Doug Casey: Is A US-Iran War Inevitable?
Previously we presented some alternative thoughts to the mainstream misperception of the Iranian "isolation" by some of its biggest oil trading partners. Unlike others, we simply believe that the gulf nation, together with the new axis of anti-USD (as confirmed once again earlier today) is simply preparing itself for a barter based economy, or alternatively, one with commoditized intermediates. However, this ignores the likelihood of geopolitical instability caused by intervening US and Israeli interest in the region. Below are some thoughts from Doug Casey of Casey Research on the likelihood of another full blown shooting war erupting in the Persian Gulf, as well as his thoughts on how one may prepare for such a contingency.
Submitted by Louis James of Casey Research
Doug Casey: Is A US-Iran War Inevitable?
US-Iranian saber-rattling or impending shoot-out? In his usual, candid manner, contrarian investor Doug Casey talks about why he believes it's serious this time… why the US is the greatest threat to peace today… why Iran might move towards a gold standard… and what smart investors should do.
L: Doug-sama, I've heard you say you think the US is setting Iran up to be the next fall guy in the wag-the-dog show – do you think it could really come to open warfare?
Doug: Yes, I do. It could just be saber rattling during an election year, but Western powers have been provoking Iran for years now – two decades, really. I just saw another report proclaiming that Iran is likely to attack the US, which is about as absurd as the allegations Bush made about Iraq bombing the US, when he fomented that invasion. It's starting to look rather serious at this point, so I do think the odds favor actual fighting in the not-too-distant future.
L: Could they really be so stupid?
Doug: You know the answer to that one. We're dealing with criminal personalities on both sides, and criminals are basically very stupid – meaning they have an unwitting tendency to self-destruction. One thing to remember is that most of those in power in the West still believe the old economic fallacy that war is good for the economy.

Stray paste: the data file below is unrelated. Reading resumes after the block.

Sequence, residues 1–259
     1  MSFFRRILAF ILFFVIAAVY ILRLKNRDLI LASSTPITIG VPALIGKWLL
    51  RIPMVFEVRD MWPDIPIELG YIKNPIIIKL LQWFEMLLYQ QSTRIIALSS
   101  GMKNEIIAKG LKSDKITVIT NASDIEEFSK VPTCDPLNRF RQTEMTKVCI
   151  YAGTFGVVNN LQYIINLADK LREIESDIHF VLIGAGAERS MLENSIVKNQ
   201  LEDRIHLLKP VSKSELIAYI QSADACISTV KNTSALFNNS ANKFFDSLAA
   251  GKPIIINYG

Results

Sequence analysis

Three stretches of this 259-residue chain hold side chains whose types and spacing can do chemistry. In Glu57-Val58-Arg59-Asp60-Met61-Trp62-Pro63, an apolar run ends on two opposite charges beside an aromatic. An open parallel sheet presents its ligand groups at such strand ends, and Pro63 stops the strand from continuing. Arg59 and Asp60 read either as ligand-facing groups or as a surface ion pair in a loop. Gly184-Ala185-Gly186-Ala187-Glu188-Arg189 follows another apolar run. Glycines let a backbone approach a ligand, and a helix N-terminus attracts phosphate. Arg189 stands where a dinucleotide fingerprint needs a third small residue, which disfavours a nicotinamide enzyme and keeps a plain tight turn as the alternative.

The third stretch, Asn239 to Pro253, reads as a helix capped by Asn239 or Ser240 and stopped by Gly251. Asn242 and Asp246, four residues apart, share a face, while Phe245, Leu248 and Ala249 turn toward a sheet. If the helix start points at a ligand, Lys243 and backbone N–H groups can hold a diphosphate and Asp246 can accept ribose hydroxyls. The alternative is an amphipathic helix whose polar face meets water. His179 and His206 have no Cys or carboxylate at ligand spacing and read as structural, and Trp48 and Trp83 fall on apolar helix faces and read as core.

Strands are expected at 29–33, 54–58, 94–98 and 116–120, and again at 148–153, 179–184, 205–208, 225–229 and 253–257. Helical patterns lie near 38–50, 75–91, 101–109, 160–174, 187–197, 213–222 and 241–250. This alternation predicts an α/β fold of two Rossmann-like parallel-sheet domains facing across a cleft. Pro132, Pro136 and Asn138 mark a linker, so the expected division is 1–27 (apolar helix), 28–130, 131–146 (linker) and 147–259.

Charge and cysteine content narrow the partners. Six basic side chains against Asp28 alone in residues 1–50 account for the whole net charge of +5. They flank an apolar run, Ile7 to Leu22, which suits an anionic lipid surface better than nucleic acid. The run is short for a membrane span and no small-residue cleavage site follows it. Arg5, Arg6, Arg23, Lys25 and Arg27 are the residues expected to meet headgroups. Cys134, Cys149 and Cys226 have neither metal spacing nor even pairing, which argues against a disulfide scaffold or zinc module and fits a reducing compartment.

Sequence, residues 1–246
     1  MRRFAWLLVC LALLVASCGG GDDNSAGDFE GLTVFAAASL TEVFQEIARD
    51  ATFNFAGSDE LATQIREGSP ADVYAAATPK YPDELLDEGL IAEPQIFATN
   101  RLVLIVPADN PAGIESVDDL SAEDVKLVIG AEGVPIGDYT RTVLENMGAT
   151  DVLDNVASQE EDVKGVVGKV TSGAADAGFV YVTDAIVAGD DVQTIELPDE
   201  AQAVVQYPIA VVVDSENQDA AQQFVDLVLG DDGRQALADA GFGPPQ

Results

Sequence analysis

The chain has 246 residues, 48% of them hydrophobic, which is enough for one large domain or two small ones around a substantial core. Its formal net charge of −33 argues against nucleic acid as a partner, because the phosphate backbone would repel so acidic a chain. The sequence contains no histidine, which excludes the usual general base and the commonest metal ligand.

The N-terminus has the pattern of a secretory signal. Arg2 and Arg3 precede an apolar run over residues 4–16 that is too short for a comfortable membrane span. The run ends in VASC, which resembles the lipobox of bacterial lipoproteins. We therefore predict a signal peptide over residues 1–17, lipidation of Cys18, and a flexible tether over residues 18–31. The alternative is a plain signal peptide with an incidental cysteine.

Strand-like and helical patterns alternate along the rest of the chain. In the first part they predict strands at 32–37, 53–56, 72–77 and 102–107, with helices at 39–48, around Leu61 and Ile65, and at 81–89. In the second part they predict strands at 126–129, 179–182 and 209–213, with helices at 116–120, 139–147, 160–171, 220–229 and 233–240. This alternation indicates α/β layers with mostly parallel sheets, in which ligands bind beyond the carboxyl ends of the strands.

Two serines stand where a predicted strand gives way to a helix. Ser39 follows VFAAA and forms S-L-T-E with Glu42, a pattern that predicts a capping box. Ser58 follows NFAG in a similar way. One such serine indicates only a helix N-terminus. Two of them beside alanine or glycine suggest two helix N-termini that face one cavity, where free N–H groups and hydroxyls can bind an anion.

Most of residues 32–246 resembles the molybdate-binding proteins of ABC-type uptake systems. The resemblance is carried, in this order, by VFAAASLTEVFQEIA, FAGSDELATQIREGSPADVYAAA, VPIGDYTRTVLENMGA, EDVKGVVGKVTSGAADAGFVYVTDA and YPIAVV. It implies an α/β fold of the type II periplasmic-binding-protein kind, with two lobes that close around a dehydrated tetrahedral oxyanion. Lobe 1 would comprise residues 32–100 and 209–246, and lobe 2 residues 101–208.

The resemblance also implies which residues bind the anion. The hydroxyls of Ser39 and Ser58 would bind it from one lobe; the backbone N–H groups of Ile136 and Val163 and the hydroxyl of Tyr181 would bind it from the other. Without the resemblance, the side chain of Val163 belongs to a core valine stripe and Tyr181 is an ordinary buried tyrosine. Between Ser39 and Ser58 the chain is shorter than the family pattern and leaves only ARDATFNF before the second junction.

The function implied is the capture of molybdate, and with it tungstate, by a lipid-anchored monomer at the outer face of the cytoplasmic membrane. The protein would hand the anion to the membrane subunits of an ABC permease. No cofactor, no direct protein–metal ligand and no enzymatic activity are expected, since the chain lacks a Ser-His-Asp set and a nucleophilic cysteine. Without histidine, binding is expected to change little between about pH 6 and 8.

L: The old broken-window fallacy. Paraphrasing Arlo Guthrie, it's hard to believe anyone could get away with making a mistake that dumb for that long.
Doug: People like those in power still suffer the delusion that it was World War II that ended the Great Depression for the US. Actually, it was only after the end of the war that the depression ended, in 1946. In his book World Economic Development: 1979 and Beyond, Herman Kahn documented long-term growth throughout the 20th century. Between 1914 to 1946 – a very tough time, with WWI, the Great Depression, and WWII – the world economy still grew at something like 1.8%. I believe real growth would have been several times as great, were it not for the state and its products. But people still believe that spending money on things that explode and kill and destroy is somehow good for the economy.
L: I suppose they think it's okay if it creates jobs here and destroys lives and livelihoods "over there." But aside from the fact that it's not safe to assume today's enemies are not capable of bringing the battle onto US soil, it still ignores the fact that you're spending money on stuff that gets destroyed – like broken windows – and that impoverishes us all. Worse, the cost is not just economic.
Doug: That's right. This coming war with Iran has the potential to turn into something resembling WWIII, with enormous consequences.
Now, it's hard to speak with any certainty on such matters, because most of what we have to go on are press reports. Governments keep most really critical facts on their doings to themselves, and what you read in the press is as likely as not just a warmed-over government press release – in other words, propaganda. Meaningless, if not actively deceptive. It is correctly said that in war, truth is the first casualty.
L: But we do have the Internet these days, with indie reporters offering coverage ignored by the talking heads in the mainstream media.
Doug: True; it doesn't keep the chattering classes honest, but it does provide some diversity of spin, from which we can try to infer what's really going on. And from all the various sources – mainstream and alternative, Western and from within the Muslim world – I have to say that it appears to me that the Iranians are not actually developing nuclear weapons.
L: Then why do they act in such aggressive and bombastic ways?
Doug: Western powers are pushing them around, telling them what they can and cannot do, and treating them like children or mental incompetents with no right of self-determination. How else would you expect them to react? They may have a collectivist theocratic regime, but it's also a proud and ancient culture.
Now, as you know, I don't think there should be any countries at all – not in the sense of the modern nation-state, and I'm certainly no fan of the Tehran regime, but Iran is a sovereign state. The Iranians resent people from other countries assuming the right to tell them what they can and cannot do with their uranium enrichment program, just as people in the US would if Iranians told them what to do with… well, anything.
L: Do you have specific data to substantiate your view that Iran is not focused on creating nuclear weapons?
Doug: I was just reading about an official report that says that Iran is still not able to enrich uranium to the level needed to make nuclear weapons.